Everyone from Mazdak Baloch to ‘Mama’ Abdul Qadeer Baloch have visited this village and spoken of the horrors of daily life in Balochistan, 1,000 kms from Baghpat.

The Hind Baloch Forum has no permanent address, not even a website. It operates without a base and its posters proclaim Rashtriya Swayamsewak Sangh (RSS) ideologue Indresh Kumar and Akhil Bhartiya Sant Samiti General Secretary Swami Jitendranand Saraswati as its patrons.

Sandeep Jha, the Hind Baloch Forum’s Core Committee Member, insists that the outfit is “apolitical”. He says, “Indresh Ji may be a senior RSS functionary but as a common, conscious citizen, his political affiliation, his cultural affiliation is immaterial for Hind Baloch Forum. This is a civil society movement that concerns itself with the human rights violations against the people in Balochistan. It wants to join its voice with the voice of the people there. There is no political motive behind this.”

In 2016, Mazdak Baloch urged the people of this village to accompany him to the Pakistan High Commission to protest against the alleged atrocities of the Pakistan Army – or as Baloch freedom fighters call it, the “Punjab” Army.
“We took people from here and held a demonstration outside the Pakistan Embassy and submitted a memorandum of our demands,” says Irfan. He goes on to proclaim proudly that they even “broke through police barricades”.

But what the Hind Baloch Forum sees as an “awakening” of the Indian people towards the Baloch cause, many Baloch activist see merely as lip-service.

Abdul Qadeer Baloch, Founder of the International Voice for Baloch Missing Persons, is a quiet, unassuming 78-year-old. He shot to prominence in 2013 with his “Long March” for missing Baloch when he marched from Quetta to Karachi and then to Islamabad.

“I have a great interest in history. I was reading about Mahatma Gandhi’s Dandi March and Mao Zedong’s Long March. When Gandhi walked, his country became free. When Mao walked, his country became free. So why could my country, Balochistan, not be free of Punjabi occupation?” he asks.

News18 met Qadeer when he was in India in March to seek medical treatment for his 10-year-old grandson, who suffers from a serious heart disease. He sees India favourably, but feels it is not doing enough.

“If Modi Sahib wants to help us, he should provide us arms and guns so that we can fight our enemy with those. We can fight our own wars. If you (India) want to help Balochis, don’t help them with words. Help them materially. Do something for us. Show us how you support us. You spoke about this two years ago but haven’t done anything for us since then,” he said.

But is Qadeer, who earned the epithet ‘Gandhi of Balochistan’ after his Long March, comfortable with the use of violence to attain independence?

“I am fighting in my own non-violent way, they (insurgents) are fighting with their own means. Both of us need Indian help. It doesn’t matter which way succeeds. Balochistan has fought five wars against Pakistan. And yet, it could not attain freedom like Bangladesh. That is because Sheikh Mujib and the Mukti Bahini both got Indian help. Mere words will not be enough.”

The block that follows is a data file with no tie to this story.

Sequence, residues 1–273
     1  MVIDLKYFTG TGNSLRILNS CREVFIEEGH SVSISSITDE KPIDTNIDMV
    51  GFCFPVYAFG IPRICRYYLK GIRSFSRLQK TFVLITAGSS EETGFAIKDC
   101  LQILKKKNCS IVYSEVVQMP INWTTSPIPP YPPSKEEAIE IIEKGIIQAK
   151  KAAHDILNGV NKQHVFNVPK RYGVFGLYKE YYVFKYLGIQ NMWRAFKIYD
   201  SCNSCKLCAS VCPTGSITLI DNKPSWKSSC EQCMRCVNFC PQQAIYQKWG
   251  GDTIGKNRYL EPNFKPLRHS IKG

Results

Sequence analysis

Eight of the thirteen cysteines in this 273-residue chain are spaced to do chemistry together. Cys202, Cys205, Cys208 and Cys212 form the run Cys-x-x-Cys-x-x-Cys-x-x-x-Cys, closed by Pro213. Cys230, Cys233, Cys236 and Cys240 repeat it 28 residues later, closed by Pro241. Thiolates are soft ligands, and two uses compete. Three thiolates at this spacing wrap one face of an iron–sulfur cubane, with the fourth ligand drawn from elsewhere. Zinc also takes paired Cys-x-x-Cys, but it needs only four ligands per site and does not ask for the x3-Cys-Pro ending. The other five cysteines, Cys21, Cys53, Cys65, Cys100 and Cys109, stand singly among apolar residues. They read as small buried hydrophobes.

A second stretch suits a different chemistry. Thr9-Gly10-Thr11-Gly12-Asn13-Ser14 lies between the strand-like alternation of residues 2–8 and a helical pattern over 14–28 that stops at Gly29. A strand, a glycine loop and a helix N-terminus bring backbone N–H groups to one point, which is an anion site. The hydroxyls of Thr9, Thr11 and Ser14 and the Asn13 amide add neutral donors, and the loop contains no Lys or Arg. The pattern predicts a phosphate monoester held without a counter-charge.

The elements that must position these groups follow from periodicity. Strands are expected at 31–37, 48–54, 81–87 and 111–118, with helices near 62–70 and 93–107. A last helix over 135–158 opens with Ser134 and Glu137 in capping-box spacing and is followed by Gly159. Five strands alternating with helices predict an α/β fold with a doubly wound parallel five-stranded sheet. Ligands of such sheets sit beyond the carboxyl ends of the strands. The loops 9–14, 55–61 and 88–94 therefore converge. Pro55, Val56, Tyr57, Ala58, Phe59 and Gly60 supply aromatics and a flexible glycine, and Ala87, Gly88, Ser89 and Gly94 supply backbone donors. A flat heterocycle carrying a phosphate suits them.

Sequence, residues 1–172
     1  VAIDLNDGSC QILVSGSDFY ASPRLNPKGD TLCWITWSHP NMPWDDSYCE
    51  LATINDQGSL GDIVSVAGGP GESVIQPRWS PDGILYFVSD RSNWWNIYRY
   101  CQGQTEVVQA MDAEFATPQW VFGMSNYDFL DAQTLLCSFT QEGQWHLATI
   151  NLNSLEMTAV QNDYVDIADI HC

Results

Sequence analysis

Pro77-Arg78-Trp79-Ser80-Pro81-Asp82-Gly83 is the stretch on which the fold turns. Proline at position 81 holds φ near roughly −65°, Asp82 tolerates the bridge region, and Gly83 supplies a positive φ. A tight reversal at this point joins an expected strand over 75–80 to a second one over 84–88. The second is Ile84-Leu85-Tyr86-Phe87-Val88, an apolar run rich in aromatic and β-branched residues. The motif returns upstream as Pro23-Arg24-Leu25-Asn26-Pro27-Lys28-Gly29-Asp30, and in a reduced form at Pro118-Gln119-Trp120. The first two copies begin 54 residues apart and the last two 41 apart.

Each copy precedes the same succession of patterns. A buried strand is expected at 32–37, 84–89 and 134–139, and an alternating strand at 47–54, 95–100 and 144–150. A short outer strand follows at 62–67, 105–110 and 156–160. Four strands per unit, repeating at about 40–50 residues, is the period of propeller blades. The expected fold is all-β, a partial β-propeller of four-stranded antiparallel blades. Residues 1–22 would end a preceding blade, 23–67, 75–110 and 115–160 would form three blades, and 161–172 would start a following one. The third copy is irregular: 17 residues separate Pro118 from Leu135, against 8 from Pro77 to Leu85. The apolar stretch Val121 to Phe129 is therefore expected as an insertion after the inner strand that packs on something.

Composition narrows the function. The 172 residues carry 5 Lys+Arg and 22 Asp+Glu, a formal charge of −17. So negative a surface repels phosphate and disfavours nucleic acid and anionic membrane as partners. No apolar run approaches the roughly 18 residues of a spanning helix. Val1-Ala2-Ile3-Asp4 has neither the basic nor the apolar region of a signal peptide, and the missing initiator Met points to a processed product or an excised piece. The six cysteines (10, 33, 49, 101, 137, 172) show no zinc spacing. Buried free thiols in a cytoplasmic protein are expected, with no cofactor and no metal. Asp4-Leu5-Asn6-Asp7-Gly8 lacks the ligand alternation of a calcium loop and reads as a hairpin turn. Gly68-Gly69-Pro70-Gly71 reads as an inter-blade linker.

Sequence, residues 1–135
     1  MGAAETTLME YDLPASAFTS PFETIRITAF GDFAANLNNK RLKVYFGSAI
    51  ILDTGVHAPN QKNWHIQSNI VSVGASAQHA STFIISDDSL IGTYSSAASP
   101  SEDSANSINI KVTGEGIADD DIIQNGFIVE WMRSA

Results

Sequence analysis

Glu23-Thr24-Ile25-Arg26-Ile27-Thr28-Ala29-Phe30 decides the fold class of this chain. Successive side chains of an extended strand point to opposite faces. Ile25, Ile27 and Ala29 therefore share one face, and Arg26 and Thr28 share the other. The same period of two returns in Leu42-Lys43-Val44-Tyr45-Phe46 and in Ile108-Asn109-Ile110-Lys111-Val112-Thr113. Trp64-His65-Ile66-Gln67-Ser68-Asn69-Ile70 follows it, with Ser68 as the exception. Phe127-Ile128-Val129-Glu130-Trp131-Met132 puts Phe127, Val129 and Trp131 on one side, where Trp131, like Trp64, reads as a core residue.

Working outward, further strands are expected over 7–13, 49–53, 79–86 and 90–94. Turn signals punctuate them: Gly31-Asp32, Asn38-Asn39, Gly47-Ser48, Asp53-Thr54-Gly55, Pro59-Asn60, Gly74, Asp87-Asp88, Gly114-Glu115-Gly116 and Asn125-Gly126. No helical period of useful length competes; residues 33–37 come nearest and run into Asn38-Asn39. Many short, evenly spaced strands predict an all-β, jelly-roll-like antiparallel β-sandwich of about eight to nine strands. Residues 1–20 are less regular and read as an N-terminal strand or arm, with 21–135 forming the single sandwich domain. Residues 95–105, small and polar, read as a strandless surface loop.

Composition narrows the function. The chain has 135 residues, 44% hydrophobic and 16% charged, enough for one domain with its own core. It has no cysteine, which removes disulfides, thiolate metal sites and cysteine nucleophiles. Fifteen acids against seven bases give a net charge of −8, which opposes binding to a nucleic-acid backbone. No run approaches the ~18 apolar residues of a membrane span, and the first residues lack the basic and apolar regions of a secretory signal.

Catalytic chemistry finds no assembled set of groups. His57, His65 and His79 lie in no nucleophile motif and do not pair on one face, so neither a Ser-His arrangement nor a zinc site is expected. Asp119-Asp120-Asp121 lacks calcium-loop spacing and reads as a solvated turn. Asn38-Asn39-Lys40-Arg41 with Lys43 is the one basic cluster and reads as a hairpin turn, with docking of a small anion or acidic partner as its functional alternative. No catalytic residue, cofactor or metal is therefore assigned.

According to Qadeer, over 45,000 Baloch men and women are currently missing. For him, this fight is a personal one. His son Jalil Reki, who was a prominent Baloch freedom fighter and an associate of Nawab Akbar Khan Bugti, went missing in 2012. Months later, he was found dead near the Pakistan-Iran border. Qadeer blames Pakistan’s insidious intelligence agency ISI and the Pakistan Army for his son’s “murder”.

“When I found out that my son has been martyred, I was happy instead of being distressed. At least he has sacrificed himself for a good cause, his land and his country. There can be no bigger matter of pride for a father. I was told that they (Pakistan Army) were bringing his body. I said, no. You will not touch him. The establishment, government and Army have done what they had to. Now I will handle my son’s dead body myself. I will bring him home myself,” he said.

In India’s capital, Qadeer’s ten-year-old grandson, who has just been discharged from the hospital, is running around, trying to click pictures of pigeons on the terrace.

“Doctors had told us not to tell my grandson about his father because he may go into shock. He has a heart ailment. When he’d ask about his father, we would tell him he has gone out for a job, or to study or he has gone far away and will be back soon,” he said.

So how does Qadeer, who is older than the state of Pakistan itself, see the future of the country? “I am not sure Pakistan will exist for so long. Balochistan will rise, Sindh will rise, the Frontier will rise and so will Khyber Pakhtunkhwa. All that will be left of Pakistan is Punjab. They are welcome to keep Punjab,” he predicts ominously as he turns to read a book on Indian history to his grandson.